There is always a gap between what statistics tell us about public services and the view of those services taken by those who provide and use them.
Today at First Minister’s Questions we had sustained and strong attacks from Douglas Ross and Anas Sarwar on the issues of policing and waiting times in the National Health Service.
Both opposition leaders were met with a blizzard of statistics no doubt quoted to give context but feeling like the ultimate civil service brief to prick the concerns of rank and file police officers and NHS staff that had been quoted widely by Ross and Sarwar.
Several times today Presiding Officer Alison Johnstone had to call for order as Conservative and Labour MSPs became increasingly exasperated by the FMs response to some pointed questions.
On policing, Ross quoted from a letter sent to the government by the Scottish Police Federation. He read from the letter reflecting the anger of officers around pay negotiations and cited the view of the Chief Constable of Police Scotland that policing was not a priority for the government.
Ross became animated and impatient by the responses to his questions, claiming Nicola Sturgeon simply did not get the issues and was not facing the ‘reality outwith your bubble in Bute House’.
In a statistical barrage the FM quoted the resource budget for the police, the numbers of officers per head compared to England and the lowest salaries paid to new officers – which are substantially lower in England.
Sturgeon added police numbers had increased in Scotland in comparison to cuts in England.
The statistics were meant to convey one thing and that is that the charge that policing is not a priority for the government was clearly false.
The contrast with the situation in England and Wales was an attempt to throw the record of the Conservatives in England in the face of the Scottish Tory Leader.
From a debating point of view it gave the FM a strong statistical foundation for her arguments.
The problem though with such an approach is that statistics ring hollow if those on the frontline of a service simply do not recognise the service that a politician describes.
There is no doubt there is raw anger among officers who are frustrated at the initial pay offer, and there is no doubt that anger is intensifying.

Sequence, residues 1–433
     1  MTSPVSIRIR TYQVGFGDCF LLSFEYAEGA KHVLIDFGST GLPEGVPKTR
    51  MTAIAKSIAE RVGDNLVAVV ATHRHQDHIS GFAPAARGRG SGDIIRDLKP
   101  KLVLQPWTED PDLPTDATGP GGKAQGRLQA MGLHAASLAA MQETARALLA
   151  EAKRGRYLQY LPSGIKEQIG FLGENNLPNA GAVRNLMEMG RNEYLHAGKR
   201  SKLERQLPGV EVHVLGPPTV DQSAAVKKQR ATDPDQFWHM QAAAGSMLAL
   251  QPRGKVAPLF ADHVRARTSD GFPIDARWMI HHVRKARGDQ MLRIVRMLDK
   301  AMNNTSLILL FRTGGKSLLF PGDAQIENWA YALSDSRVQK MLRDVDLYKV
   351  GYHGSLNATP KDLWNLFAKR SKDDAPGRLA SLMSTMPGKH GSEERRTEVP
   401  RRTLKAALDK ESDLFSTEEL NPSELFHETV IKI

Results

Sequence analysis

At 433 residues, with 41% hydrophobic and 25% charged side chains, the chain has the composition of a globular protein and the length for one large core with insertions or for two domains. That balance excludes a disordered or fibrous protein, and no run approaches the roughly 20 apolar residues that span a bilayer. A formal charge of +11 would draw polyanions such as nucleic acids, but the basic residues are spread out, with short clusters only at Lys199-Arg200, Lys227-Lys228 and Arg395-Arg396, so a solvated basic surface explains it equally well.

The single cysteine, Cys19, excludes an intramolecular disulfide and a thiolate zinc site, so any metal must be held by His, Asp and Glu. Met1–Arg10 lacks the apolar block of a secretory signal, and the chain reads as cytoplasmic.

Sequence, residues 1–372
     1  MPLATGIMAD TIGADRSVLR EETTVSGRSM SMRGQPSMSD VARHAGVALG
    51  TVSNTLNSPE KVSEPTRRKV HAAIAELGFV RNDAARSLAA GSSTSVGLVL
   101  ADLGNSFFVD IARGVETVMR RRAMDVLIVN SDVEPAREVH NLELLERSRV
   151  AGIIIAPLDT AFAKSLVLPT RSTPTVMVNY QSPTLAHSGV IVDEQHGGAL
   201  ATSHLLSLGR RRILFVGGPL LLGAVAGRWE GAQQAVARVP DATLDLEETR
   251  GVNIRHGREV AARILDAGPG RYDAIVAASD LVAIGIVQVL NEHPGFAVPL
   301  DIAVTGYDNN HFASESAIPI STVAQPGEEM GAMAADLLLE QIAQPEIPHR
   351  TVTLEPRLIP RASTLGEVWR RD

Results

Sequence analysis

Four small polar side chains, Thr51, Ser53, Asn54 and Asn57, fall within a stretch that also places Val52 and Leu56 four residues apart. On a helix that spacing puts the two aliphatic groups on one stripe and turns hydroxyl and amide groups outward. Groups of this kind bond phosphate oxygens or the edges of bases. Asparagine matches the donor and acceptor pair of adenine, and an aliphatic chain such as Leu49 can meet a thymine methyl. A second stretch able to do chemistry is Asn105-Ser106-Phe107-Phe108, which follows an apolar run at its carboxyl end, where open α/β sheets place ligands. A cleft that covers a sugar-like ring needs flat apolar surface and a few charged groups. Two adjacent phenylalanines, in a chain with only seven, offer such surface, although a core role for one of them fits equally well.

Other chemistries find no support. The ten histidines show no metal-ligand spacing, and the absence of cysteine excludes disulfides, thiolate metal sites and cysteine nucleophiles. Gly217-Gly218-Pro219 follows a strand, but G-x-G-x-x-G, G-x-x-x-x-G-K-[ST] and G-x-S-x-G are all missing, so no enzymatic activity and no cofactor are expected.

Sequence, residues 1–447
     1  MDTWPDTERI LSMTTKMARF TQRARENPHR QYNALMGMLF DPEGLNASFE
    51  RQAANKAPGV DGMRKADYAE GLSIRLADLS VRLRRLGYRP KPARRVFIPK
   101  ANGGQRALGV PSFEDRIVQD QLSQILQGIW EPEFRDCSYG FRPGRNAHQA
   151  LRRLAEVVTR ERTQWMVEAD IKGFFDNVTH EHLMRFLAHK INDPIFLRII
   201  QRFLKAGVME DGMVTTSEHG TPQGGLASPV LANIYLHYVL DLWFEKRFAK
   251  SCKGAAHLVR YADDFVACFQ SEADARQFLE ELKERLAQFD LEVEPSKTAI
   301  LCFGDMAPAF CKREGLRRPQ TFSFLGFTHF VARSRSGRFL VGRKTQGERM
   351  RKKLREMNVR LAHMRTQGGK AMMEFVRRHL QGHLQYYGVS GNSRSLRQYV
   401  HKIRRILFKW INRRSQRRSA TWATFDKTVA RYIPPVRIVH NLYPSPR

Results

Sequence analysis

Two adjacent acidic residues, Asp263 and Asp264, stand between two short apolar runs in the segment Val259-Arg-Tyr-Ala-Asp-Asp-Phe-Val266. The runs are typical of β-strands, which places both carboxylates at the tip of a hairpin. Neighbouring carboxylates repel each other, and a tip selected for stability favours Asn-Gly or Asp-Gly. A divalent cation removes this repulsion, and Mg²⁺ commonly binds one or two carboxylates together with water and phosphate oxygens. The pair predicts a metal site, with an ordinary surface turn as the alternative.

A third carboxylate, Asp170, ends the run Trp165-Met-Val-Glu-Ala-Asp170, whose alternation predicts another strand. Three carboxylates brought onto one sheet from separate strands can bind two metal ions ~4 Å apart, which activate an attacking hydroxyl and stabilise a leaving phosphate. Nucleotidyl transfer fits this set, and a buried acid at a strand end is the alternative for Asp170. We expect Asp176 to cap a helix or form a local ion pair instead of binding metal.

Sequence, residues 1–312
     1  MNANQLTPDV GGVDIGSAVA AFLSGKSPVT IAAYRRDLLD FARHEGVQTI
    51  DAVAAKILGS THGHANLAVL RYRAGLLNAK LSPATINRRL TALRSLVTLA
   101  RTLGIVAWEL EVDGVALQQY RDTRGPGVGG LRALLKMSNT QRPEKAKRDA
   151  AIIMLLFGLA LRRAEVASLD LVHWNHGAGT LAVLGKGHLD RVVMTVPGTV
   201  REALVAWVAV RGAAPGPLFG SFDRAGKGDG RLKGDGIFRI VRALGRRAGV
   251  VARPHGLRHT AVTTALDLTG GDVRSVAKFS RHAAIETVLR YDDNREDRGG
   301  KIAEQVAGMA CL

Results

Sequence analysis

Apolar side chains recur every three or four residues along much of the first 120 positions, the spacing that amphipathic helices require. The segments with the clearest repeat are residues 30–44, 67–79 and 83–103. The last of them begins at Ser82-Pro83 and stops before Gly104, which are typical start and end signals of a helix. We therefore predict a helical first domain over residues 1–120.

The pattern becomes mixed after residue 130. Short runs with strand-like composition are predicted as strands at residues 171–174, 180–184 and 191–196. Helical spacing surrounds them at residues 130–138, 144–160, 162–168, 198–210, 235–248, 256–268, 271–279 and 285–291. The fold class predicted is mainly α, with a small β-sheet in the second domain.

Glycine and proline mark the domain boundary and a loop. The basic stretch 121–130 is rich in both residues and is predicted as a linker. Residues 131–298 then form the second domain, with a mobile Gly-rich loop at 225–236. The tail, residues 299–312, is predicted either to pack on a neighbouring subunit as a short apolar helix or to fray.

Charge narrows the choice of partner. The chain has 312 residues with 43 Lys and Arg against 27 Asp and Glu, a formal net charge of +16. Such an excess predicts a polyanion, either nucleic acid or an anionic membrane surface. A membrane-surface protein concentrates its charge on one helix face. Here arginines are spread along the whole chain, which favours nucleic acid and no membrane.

An argument with an over-reliance on stats I suspect will not play well, although the First Minister was candid in admitting that she understood the frustration given the cost-of-living crisis is acute.
Then it was on to health and waiting times for cancer patients. The focus of Sarwar’s question asked how many patients missed the 62-day standard for starting treatment.
The First Minister again had a lot of statistics to quote but not the one which directly answered his question. He answered it himself by saying 3,057 patients had not been treated within the 62-day standard.
He then claimed the Beatson Cancer Centre in Glasgow considered rationing treatment before asking how many people had waited more than six weeks for diagnostic tests.
Sturgeon replied that at the end of May 155,000 people were waiting for one particular diagnostic test, but argued that under her stewardship there had been a 95% increase in consultant oncologists and a 63% increase in radiologists.
NHS staffing she said was up 23% and A&E performance in Scotland performed better than England. Staff were better paid too.
The charge from Labour was that this is a crisis born of neglect and a trend in waiting times that started long before the pandemic began.
I suppose the issue is whether staff who feel the pressure on the frontline or patients frustrated by long waiting times are comforted by the statistics or whether they simply regard the deployment of such figures as an overly defensive approach by a politician who does not get the experience of those on the frontline.
The opposition MSPs did their job today. They held the FM to account and she in turn held to her line that all being considered, policing and the NHS was faring better in Scotland than elsewhere in the UK.
Tonight, MSPs leave Parliament for the summer recess. That will give them more time to spend in their constituencies where they will no doubt be made well aware of the concerns of ordinary voters whether they be police officers or health service workers or patients.
The business of government continues during recess. Nicola Sturgeon will be acutely aware that ongoing industrial relations issues rooted in the demands for higher pay will exercise her ministerial inbox.
Sometimes the most difficult issues are not to be found in parliament but in the country and the summer of discontent is bound to guarantee this recess will be a lot more turbulent than usual for the Scottish Government.
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